Work up to the full teeth cleaning. If this is a new experience for your pug, they’re likely not going let you jam a toothbrush in their mouth. Simply talk quietly to your pug. Let them sniff the toothbrush and get used to it first. Put a small amount of toothpaste on the brush and allow your pug to lick it off. This may be enough teeth brushing for day 1.
2. Swipe and Treat
If your pug allows you to put the toothbrush in their mouth, do a single swipe and then offer them a treat. Although it may seem counterintuitive to give treats for teeth brushing (and at first you’ll be giving many more treats than brushes), the idea is to make it a pleasant experience. You want your pug to make positive associations with putting the toothbrush in their mouth.
3. Work Up to Brushing
Once your pug is familiar with the swipe and treat process, work up to longer periods of brushing. Work side-to-side and in small circles. It may help to hold your pug on your lap, facing away from you and looking in a mirror. Work up to 1-2 minutes of tooth brushing. Note, this may take a month or more of practice, before your pug is comfortable with the process. Always finish with praise and treats.
4. Set a Routine
Brush teeth at a regular time. This may mean after dinner or right before bed. Keep the time consistent and get your pug used to the process. If your pug gets out of the routine, you may have to start from step one again.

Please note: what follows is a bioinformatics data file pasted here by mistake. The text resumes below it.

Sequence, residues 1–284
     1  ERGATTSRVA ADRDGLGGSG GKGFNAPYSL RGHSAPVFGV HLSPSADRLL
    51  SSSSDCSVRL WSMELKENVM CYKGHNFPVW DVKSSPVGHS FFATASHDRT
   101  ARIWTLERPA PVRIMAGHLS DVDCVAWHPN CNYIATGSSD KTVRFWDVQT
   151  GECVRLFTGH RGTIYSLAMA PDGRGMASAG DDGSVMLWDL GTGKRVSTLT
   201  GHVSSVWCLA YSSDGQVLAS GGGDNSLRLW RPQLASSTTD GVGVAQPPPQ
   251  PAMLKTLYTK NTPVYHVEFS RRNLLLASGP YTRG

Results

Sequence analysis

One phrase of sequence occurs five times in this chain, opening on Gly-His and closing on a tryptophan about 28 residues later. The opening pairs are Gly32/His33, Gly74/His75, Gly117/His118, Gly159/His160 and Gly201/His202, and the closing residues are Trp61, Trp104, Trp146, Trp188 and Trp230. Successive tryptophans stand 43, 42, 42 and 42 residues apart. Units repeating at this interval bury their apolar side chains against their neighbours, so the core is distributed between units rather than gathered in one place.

5. Always Stay Positive
Never get angry at your pug, hold them down, or force them to brush their teeth. This will make your pug afraid of the toothbrushing process and they will always put up a fuss. If your pug refuses to allow the brush in their mouth, even for a second, allow them to just lick the toothpaste. You can also allow them to chew on their toothbrush, which may help them warm up to the idea that the brush goes in their mouth.
Additional Ways to Keep Your Dog’s Teeth Clean
There are other products and ways to keep your dog’s teeth clean and healthy. None of these products are a substitute for brushing. Just like eating an apple doesn’t mean you don’t need to brush and floss your own teeth regularly, chewing a dental treat doesn’t preclude toothbrushing for your dog.